A New Way of Doing Things
We live in a cutting edge and diverse economy. Rich with tech companies in both startup and large corporate settings. Which brings forth a new job market. This new job market and "era of entrepreneurship" has created many opportunities for today's generation. The millennial. Thanks to tech giants like Uber, a gig economy is among us. They have literally created a platform where people can conveniently decide when they want to work. This style of work has caught a lot of traction over recent years and allows for the perfect side hustle or in some cases, full time employment. People are all over this, especially the millennial.
While we sometimes have a bad reputation for being unfocused or even lazy, I believe that we just want to work hard in a different way. The information and resources to build a successful brand or company are more accessible now then they have ever been. But also, look at employers. The dream used to be go work somewhere for 30 to 40 years, retire, then get your pension and social security. Today's economy does not provide those luxuries. People will literally have to create their own pensions and social security checks. This is partially due to the fact that social security will be depleted by the time millennials are of retirement age (projections are to end in year 2034. please see social security section,).
It should also be noted that many companies are not providing long term incentives to promote a tenured relationship between employee and employer like years past. In addition to the previously stated reasons, I believe there is a strong desire to truly take advantage of a new market. Many are taking their future and putting it in their own hands, literally creating a huge push for entrepreneurship. People are taking risks and some are winning big. Look at Facebook, AirBnB, Tinder, Wordpress, etc. (for more, check out The Top 20 Most Influential Mllennials ) But like with everything else in life, there are pros and cons to this new wave.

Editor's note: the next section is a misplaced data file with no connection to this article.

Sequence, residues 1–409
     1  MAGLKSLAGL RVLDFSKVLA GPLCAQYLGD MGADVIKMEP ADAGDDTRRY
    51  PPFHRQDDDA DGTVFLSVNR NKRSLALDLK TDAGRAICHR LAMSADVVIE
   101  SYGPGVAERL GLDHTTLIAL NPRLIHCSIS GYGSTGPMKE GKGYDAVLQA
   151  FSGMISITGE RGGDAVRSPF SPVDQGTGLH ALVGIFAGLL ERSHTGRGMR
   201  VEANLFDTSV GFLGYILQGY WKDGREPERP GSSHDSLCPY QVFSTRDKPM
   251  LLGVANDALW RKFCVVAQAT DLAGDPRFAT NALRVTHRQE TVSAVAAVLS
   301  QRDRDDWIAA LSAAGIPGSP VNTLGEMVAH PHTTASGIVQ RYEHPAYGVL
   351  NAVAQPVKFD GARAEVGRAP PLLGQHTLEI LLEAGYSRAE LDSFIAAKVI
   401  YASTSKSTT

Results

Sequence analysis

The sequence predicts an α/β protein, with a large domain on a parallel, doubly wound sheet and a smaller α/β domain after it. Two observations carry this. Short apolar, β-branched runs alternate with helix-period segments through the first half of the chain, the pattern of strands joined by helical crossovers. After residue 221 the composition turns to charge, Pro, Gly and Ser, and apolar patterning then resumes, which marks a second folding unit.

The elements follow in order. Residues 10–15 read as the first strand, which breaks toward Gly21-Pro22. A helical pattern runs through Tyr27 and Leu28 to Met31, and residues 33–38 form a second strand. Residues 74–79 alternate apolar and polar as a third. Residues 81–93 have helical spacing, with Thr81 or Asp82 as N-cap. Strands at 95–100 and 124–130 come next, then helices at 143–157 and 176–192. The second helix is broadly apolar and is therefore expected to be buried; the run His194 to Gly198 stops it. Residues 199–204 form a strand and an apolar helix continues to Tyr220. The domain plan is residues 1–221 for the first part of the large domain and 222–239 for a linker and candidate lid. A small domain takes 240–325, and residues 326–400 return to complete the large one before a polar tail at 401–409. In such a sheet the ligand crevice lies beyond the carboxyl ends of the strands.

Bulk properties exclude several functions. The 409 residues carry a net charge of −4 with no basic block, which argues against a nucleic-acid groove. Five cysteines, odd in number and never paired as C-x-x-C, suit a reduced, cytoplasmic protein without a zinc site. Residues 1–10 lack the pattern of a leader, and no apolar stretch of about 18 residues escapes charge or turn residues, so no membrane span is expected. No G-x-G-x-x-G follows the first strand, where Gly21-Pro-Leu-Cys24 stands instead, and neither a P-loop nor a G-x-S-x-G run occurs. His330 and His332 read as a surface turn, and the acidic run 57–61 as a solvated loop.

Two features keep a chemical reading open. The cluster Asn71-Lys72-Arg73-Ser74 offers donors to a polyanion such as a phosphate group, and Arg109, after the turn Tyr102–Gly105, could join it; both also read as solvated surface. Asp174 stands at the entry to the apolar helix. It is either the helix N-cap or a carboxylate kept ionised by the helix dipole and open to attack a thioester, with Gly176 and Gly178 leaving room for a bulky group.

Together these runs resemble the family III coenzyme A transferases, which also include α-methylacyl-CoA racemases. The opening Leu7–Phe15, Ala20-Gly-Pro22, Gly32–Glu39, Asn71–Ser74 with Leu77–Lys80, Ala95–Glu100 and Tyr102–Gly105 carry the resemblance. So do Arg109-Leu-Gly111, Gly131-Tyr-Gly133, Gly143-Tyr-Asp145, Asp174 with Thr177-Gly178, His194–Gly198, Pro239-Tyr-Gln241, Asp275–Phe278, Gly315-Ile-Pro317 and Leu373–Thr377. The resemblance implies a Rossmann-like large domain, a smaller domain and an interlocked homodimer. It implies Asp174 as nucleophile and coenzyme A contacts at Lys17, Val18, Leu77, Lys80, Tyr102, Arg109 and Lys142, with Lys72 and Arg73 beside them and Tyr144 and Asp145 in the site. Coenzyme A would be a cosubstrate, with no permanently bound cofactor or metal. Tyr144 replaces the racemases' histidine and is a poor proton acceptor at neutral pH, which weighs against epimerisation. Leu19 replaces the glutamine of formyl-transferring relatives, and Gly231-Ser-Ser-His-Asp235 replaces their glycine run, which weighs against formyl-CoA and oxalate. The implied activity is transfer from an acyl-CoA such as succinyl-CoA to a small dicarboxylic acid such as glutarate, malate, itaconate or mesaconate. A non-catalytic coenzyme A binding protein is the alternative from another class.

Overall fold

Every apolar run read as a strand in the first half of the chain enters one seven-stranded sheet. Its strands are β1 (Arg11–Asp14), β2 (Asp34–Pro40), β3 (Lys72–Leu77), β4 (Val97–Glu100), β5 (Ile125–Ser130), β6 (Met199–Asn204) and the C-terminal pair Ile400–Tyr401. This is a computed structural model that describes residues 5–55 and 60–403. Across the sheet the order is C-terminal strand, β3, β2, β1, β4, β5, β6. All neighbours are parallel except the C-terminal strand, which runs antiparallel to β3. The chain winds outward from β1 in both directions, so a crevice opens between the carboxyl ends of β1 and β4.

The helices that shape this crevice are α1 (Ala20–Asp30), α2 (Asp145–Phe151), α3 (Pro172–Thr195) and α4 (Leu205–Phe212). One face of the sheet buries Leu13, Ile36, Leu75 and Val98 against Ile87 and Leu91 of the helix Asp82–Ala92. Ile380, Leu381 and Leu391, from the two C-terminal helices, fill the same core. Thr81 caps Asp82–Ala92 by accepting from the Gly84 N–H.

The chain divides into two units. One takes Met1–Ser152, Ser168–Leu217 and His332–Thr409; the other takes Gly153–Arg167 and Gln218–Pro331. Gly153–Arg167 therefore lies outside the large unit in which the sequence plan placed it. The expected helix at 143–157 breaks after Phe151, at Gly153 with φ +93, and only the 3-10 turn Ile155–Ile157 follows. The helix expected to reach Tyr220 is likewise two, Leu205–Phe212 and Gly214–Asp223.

The thought of working for yourself and creating your own destiny can be very rewarding in more ways than just profits and revenue streams. You capture a sense of self pride that brings forth satisfaction. There has also been a recent shift where companies are almost required to have a social impact. Now, you get to make the decision of the message you want to spread, who you want to help and how you are going to help them. Lastly, one of the biggest attractions to independent contracting or entrepreneurship is the flexibility and time freedom it can afford someone. You can "pick up and put down" whatever your gig is. You are a freelancer. An independent. When you are the CEO, if you say we are open for business, well the doors are open! If you say it is too much snow outside to work that day, and want a snow day, that is fine. You want catch every basketball practice, rehearsal, play, and vacation weeks at a time? That is completely up to you. However, unless you have grown your company to develop some sort of leverage (royalties/residuals, assistants, team, sales staff, automated systems, etc.) or you are content with the state of your personal and/or company finances, then it is not likely you will close your doors of business often. The point here is, yes, time freedom and flexibility is a huge benefit, however it will take time, grit, and resources to truly maximize on this.
Now, we have to look at the whole picture. One of the concerns I have is with more and more employer - employee relations becoming very much a contractor - subcontractor relationship. This puts the "employee" in a vulnerable financial position. Again, there are a variety of intangibles; flexibility, autonomy, uncapped income potential and a certain satisfaction of being able to "be your own boss". The other side to that is obviously what we don't get. Benefits. Whether you are an independent contractor with a given company or you have your own company, you are not entitled to receive any kind of benefits package a typical employee would receive. Things to include; PTO ( paid time off), health insurance, disability, long term care, life insurance or some form of a retirement plan such as a 401K etc. Not to mention tax liabilities that come with being self employed. Now, by no means am I wanting to steer you away from self employment. If the pros outweigh the cons for you and you have the right opportunity, go for it! What I do suggest, is to set yourself up for success and limit some of your exposures.